For the murder of Isaac Jermy, Esq., the Recorder of Norwich, and his son I. Jermy Jermy, Esq.,


Between 11 and 12 o'clock the bell of St Peter's Mancroft, tolled the death knell of the criminal. When conducted to the turnkey's room to be pinioned he met Calcraft, whereupon he said to Mr Pinson "Is this the man who is to do the business?" The reply was "Yes." When he was pinioned he shrugged up his shoulders, saying "This don't go easy; it's too tight."

Within two or three minutes after 12 o'clock the mournful cavalcade proceeded from the interior of the Castle to the spot on which the gibbet was erected. The chaplain, who headed the procession, read, as he passed along, part of the burial service.

When the procession left the Castle gate to proceed to the gibbet, Rush presented a most melancholy and dejected appearance. He was dressed in a plain suit of black, wearing no neck-handkerchief. His shirt collar was turned down. For about twenty yards he walked with a firm unwavering step, but in a moment afterwards he raised his pinioned hands to his face and trembled violently. He then removed his hands from his face, and turning up his eyes to heaven, assumed the attitude of penitence and prayer. On reaching the gallows the rev. chaplain offered up a prayer. While this prayer was being read the condemned convict seemed to be deeply impressed with the awful character of his situation. Immediately on the close of the prayer he beckoned to Mr Pinson, the governor of the Castle, when the following conversation ensued:

Rush: Mr Pinson, I have a last request to make to you. It is that the bolt may be withdrawn while the chaplain is reading the benediction - "The grace of our Lord Jesus Christ, and the love of God, and the fellowship of the Holy Ghost, be with us, evermore."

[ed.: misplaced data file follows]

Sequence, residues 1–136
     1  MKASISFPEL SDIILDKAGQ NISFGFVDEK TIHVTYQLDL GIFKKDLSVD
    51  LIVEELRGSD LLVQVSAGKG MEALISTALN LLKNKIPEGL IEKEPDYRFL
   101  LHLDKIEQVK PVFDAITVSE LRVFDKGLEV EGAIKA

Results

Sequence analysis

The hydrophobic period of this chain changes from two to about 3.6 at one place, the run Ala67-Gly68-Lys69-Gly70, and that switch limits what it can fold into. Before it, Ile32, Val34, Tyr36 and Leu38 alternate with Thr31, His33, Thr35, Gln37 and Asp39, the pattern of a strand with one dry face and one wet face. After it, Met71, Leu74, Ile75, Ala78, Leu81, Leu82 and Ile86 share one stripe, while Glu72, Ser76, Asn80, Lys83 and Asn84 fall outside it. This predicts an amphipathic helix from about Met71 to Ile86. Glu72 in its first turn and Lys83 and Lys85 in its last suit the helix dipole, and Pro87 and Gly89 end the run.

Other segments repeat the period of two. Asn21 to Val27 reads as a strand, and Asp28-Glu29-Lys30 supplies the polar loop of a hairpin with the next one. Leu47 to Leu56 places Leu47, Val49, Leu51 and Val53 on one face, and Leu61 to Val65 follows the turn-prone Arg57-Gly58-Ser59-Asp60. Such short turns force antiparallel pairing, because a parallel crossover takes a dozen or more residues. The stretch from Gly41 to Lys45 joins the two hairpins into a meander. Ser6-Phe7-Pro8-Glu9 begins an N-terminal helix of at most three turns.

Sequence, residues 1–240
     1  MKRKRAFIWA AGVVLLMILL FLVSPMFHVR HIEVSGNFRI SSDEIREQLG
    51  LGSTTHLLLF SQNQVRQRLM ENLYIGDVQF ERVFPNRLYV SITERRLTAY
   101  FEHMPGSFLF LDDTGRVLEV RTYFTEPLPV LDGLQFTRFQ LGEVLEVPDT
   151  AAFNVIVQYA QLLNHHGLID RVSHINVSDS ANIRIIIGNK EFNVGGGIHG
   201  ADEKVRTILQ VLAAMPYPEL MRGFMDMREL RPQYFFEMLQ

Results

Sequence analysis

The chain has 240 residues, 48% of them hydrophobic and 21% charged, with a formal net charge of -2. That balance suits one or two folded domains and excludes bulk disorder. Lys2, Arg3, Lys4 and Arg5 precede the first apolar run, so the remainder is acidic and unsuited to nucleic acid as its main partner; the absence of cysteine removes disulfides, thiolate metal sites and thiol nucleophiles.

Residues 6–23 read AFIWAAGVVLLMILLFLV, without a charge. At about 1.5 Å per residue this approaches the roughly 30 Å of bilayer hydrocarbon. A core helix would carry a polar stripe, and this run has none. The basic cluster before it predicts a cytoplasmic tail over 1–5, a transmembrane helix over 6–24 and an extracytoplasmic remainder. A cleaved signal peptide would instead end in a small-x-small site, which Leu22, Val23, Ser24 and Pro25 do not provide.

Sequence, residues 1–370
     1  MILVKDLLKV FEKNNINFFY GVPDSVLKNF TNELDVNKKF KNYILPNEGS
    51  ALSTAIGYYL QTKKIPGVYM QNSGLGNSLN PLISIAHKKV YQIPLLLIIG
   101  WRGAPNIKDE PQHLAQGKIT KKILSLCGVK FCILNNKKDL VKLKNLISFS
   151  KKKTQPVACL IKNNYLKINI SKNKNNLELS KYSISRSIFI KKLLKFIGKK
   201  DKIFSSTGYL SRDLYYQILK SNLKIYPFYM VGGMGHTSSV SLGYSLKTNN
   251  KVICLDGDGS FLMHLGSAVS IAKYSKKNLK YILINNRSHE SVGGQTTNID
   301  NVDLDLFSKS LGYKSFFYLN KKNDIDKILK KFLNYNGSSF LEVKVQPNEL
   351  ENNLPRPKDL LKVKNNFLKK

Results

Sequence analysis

Mr Pinson: I will communicate your wish to the chaplain, and I have no doubt it will be attended to.

The hangman then placed the unhappy convict under the beam on which he was to hang, and affixed the fatal rope around his neck. Rush said, "For God's sake give me rope enough. Don't be in a hurry; take your time." Then moving his head about, he said "Put the knot a little higher up, don't hurry." The rev. chaplain proceeded with the prayers, and on arriving at the words "The grace of our Lord Jesus Christ," &c., Calcraft withdrew the bolt, the platform went down, and all was over. His death was greeted with loud applause by an immense crowd who had assembled to witness the execution.

Good people listen unto my song,
And girls to whom honest hearts belong,
Pay great attention to what I say,
And by the wicked be not led astray.

Poor Emily Sandford was learned well,
Yet mark what to her fatal lot befell,
The serpent's tongue caused the tears to gush,
For she was betrayed by James Bloomfield Rush.

She begged most pleadingly to be his wife,
And lived with him a most unhappy life,
And though the hot tears down her cheeks did flow
The monster heeded not Miss Sandford's woe.

But seeing that she now was ruined quite,
She stood upon her feet in a female might,
And with her pale hand stretched towards his face
Said, "God will curse thee for my deep disgrace."

Foreboding were the words Miss Sandford said,
For murderous thoughts were in the wretch's head.
He set to work, and speedily did plan,
The death of servants, husband, wife and son.

A five barrelled pistol he soon did buy,
And then a mask upon his face did try,
Put on his hat and cloak and pistols drew,
Within its fold a bloody deal to do.

For Stanfield Hall he quick did start,
And old squire Jermy he shot through the heart!
And while the grey-hair'd man lay bleeding there,
He shot his son and lovely wife so fair.

Eliza Chestney to her mistress ran,
Saying, "dearest mistress, who is this man?"
And, while she pressed her mistress to her heart,
A bullet pierced in a dangerous part.

James Bloomfield Rush was then to prison sent,
Miss Sandford against him a witness went,
She was well avenged - for on the gallows high,
The base seducer was condemned to die!

The Judge scon told him that his race was run, –
That he must die for murderous deeds he'd done.
To use the time that yet on earth was given,
In making peace with his God in heaven.

O had you witness'd the parting hour,
Of this wretched man and his nine children dear,
Your hearts would break to think that they might see,
Their father hung upon a gallows tree.

J. Harkness, Printer. Preston.
From: Hindley, Charles. 1871. Curiosities of Street Literature. Reeves and Turner, London.